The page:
Wednesday, January 29, 2014

Django Reinhardt

I love listening to a bit of Django Reinhardt (and Stéphane Grappelli) as I walk the streets, imagining life as an old fashioned film. Often regarded as one of the greatest guitar players of all time and the first important European jazz musician who made major contributions to the development of the genre, Django was a fascinating character... 

(the following mostly from wiki-p)
At age 18 in Saint-Ouen, Reinhardt was injured in a fire which ravaged the caravan he shared with his first wife. Reinhardt received first- and second-degree burns over half his body. His right leg was paralysed and the fourth and fifth fingers of his left hand were badly burned. Doctors believed that he would never play guitar again and intended to amputate one of his legs. Reinhardt refused to have the surgery and left the hospital after a short time; he was able to walk within a year with the aid of a cane. His brother Joseph Reinhardt, an accomplished guitarist himself, bought Django a new guitar. With rehabilitation and practice he relearned his craft in a completely new way, even as his fourth and fifth fingers remained partially paralysed. He played all of his guitar solos with only two fingers, and used the two injured digits only for chord work.

Between the years 1929 and 1933, Reinhardt first heard American jazz and made the acquaintance of a young French violinist with very similar musical interests, Stéphane Grappelli. In the absence of paid work in their radical new music, the two would jam together, along with a loose circle of other musicians. Together they founded the Quintette du Hot Club de France in 1934, one of the first all-string jazz bands. Reinhardt's most popular compositions have become jazz standards, including "Minor Swing", "Daphne", "Belleville", "Djangology", "Swing '42", and "Nuages".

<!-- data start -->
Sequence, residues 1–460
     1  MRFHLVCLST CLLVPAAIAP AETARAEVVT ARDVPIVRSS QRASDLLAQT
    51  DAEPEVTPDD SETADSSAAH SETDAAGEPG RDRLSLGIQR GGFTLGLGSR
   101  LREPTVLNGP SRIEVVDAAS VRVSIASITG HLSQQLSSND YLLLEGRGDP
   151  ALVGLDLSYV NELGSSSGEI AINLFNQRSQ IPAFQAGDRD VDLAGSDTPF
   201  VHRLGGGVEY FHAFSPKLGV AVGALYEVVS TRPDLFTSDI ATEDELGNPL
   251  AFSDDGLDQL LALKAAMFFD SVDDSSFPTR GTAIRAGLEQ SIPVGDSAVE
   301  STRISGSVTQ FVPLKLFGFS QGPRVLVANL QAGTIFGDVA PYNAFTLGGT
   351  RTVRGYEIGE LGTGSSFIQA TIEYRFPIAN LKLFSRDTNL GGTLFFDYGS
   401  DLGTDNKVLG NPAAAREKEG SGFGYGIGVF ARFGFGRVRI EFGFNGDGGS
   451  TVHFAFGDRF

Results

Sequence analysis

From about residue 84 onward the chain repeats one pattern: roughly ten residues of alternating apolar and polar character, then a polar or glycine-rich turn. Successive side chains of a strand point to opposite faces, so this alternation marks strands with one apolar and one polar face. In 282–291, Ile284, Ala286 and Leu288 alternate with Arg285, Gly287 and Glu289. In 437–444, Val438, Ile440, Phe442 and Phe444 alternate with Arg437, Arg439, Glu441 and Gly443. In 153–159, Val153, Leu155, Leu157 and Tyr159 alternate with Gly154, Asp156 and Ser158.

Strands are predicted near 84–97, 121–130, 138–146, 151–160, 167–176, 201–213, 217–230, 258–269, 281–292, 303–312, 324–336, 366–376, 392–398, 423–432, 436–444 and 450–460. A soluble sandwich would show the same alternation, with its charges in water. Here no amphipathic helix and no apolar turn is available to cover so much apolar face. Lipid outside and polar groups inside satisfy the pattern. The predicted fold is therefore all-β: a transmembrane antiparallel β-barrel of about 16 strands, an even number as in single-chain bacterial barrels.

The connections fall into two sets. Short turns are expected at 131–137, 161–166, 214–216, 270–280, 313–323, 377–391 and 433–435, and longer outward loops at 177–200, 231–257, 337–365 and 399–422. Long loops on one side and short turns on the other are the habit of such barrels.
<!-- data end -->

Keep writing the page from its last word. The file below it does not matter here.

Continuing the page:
Minor Swing

Vocalist Freddy Taylor participated in a few great tunes, such as "Georgia on My Mind" and "Nagasaki".

In May 1953, after playing in a Paris club he collapsed outside his house from a brain hemorrhage. It was a Saturday and it took a full day for a doctor to arrive, and Reinhardt was declared dead on arrival at the hospital in Fontainebleau at the age of 43.

Many musicians have expressed admiration for Django or have cited him as a major influence. Jeff Beck described Reinhardt as "By far the most astonishing guitar player ever... quite superhuman."

For about a decade after Reinhardt's death, interest in his musical style was minimal, with the rise of bebop jazz then rock and roll, and electric instruments taking over from acoustic ones in popular music. Reinhardt's friends and brothers continued to perform their own version of gypsy swing. There was a revival of interest from the mid sixties, with acoustic music having become popular through the folk movement. Several of Reinhardt's near-contemporaries recorded for the first time in the sixties and seventies. Stéphane Grappelli became known as "the grandfather of jazz violinists" and continued playing concerts around the world well into his 80s.

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